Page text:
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ADOT lauded for passenger rail study public outreach

ADOT lauded for passenger rail study public outreach

September 26, 2013

PHOENIX – The Arizona Department of Transportation’s Passenger Rail Corridor Study has received a great amount of attention and support since the study kicked off more than two years ago. ADOT reached out to members of the public during the course of the study to keep them informed and to get their feedback on how passenger rail between Phoenix and Tucson would best serve communities.

In recognition for these efforts, today the Arizona Chapter of the American Planning Association presented members of ADOT’s rail study team with an award for the best public outreach at its annual conference in Scottsdale. 

ADOT held two major rounds of public outreach during the past two years to gather input on the study. A third round of public outreach is set to begin in early October.

ADOT uses a number of different communication tools and strategies to keep the public, stakeholders, local governments, planning organizations, and state and federal agencies informed about the passenger rail study. Outreach efforts include dozens of events in Maricopa, Pinal and Pima counties, stakeholder meetings, nearly 7,000 surveys completed in-person and online, news releases, media interviews, blog posts and the use of social media.

ADOT focused on creating a presence at community events within the study area instead of relying solely on stand-alone agency meetings to get the word out about the rail study. Interactive booths and displays are used at local community events and festivals, allowing members of the public to learn about and provide input on the study. Comments are always being accepted throughout the course of the study.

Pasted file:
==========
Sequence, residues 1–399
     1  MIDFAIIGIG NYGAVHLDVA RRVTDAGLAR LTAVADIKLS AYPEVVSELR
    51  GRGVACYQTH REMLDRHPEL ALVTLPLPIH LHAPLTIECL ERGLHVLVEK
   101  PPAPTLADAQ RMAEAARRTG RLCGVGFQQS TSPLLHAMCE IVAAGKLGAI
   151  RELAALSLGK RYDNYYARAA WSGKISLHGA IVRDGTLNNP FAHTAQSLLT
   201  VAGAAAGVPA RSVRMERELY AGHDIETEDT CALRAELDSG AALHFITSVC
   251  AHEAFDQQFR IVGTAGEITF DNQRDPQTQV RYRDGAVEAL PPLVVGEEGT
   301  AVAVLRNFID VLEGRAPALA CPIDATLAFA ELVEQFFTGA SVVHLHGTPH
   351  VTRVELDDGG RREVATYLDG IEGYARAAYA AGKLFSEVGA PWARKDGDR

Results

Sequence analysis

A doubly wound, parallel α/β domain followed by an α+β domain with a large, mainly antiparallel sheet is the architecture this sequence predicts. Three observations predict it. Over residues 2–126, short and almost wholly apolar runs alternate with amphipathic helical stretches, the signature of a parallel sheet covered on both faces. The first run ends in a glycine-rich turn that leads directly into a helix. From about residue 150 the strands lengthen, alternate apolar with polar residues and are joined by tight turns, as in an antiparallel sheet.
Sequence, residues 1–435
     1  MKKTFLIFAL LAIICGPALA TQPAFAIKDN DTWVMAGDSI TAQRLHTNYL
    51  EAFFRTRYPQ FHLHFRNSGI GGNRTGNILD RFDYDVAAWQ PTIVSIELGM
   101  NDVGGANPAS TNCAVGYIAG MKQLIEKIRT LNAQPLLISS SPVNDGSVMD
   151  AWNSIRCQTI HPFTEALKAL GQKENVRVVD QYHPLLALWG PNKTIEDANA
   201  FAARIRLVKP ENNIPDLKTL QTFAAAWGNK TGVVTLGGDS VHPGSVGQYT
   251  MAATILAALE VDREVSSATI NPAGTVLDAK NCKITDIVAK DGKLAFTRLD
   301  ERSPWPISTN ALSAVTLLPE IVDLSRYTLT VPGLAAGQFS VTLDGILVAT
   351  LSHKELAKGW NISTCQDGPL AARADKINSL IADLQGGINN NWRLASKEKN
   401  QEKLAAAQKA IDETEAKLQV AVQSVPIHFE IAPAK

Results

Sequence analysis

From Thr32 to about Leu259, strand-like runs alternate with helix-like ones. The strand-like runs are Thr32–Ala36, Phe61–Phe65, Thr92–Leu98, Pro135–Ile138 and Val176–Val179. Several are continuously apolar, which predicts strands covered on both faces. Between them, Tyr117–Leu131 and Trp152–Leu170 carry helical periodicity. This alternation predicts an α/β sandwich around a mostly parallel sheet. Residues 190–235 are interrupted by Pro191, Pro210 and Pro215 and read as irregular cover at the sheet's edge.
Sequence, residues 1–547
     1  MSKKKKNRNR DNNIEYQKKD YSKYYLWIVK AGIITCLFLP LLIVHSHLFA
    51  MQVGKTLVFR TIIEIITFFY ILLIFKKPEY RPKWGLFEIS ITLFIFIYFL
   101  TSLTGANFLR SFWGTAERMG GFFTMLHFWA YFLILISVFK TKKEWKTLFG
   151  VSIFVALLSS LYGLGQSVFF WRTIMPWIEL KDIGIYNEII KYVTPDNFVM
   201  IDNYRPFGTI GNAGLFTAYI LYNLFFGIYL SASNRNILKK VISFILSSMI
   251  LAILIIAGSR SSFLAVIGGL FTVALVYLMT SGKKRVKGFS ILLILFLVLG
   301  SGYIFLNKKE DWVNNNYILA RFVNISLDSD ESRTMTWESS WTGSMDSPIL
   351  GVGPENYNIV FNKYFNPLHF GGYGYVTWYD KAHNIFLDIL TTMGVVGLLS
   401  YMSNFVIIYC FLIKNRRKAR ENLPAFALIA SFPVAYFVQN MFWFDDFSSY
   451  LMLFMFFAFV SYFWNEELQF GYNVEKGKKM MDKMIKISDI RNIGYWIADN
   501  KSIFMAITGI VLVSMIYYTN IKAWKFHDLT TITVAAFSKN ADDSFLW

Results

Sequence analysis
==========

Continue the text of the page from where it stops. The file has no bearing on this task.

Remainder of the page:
“The idea of a passenger rail line that connects Phoenix and Tucson has received a high level of interest since the study began, so communication with all types of stakeholders has been extremely important,” said ADOT Director John Halikowski. “ADOT engaged the public through a variety of means, but most importantly, we went out to the communities to provide them with updates and get their thoughts and ideas of how passenger rail would be most effective in connecting Arizona’s two largest metropolitan areas.”

In July, ADOT narrowed the list of rail alternatives to three and is now moving forward with the Green Alternative, which would run along Interstate 10 between the two metropolitan areas; the Orange Alternative, which would serve East Valley population centers and share part of its alignment with the planned North-South Freeway Corridor; and the Yellow Alternative, which would also serve East Valley communities and share right of way with Union Pacific Railroad north of Eloy, where appropriate. All three alternatives would run along I-10 south of Eloy.

Now that the three final alternatives have been identified for further study, ADOT and the study team will move forward with the Draft Tier 1 Environmental Impact Statement. There will be a 45-day public comment period early next year, along with three public hearings, that will address the Draft Environmental Impact Statement and allow the public and stakeholders to comment on the document. ADOT is working toward establishing one preferred alternative for further study and is expected to wrap up the study next year.

For more information about ADOT’s Passenger Rail Corridor Study, visit azdot.gov/passengerrail.